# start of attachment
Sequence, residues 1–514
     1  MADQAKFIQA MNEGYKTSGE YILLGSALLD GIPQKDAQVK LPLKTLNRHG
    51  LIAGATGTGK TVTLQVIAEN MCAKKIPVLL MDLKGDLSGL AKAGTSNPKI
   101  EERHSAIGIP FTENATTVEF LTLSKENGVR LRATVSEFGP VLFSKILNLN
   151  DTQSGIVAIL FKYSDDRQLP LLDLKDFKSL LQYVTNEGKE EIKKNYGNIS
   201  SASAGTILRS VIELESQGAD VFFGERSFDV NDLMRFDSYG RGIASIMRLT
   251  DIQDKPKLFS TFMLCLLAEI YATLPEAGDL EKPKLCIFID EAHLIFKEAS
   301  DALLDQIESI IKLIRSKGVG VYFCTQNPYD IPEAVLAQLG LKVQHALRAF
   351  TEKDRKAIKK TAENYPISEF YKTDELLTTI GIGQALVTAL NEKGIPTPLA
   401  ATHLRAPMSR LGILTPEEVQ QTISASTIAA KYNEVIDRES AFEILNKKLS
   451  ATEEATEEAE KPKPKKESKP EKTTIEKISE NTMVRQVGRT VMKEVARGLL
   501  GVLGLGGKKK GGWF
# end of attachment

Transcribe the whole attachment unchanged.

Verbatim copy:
Sequence, residues 1–514
     1  MADQAKFIQA MNEGYKTSGE YILLGSALLD GIPQKDAQVK LPLKTLNRHG
    51  LIAGATGTGK TVTLQVIAEN MCAKKIPVLL MDLKGDLSGL AKAGTSNPKI
   101  EERHSAIGIP FTENATTVEF LTLSKENGVR LRATVSEFGP VLFSKILNLN
   151  DTQSGIVAIL FKYSDDRQLP LLDLKDFKSL LQYVTNEGKE EIKKNYGNIS
   201  SASAGTILRS VIELESQGAD VFFGERSFDV NDLMRFDSYG RGIASIMRLT
   251  DIQDKPKLFS TFMLCLLAEI YATLPEAGDL EKPKLCIFID EAHLIFKEAS
   301  DALLDQIESI IKLIRSKGVG VYFCTQNPYD IPEAVLAQLG LKVQHALRAF
   351  TEKDRKAIKK TAENYPISEF YKTDELLTTI GIGQALVTAL NEKGIPTPLA
   401  ATHLRAPMSR LGILTPEEVQ QTISASTIAA KYNEVIDRES AFEILNKKLS
   451  ATEEATEEAE KPKPKKESKP EKTTIEKISE NTMVRQVGRT VMKEVARGLL
   501  GVLGLGGKKK GGWF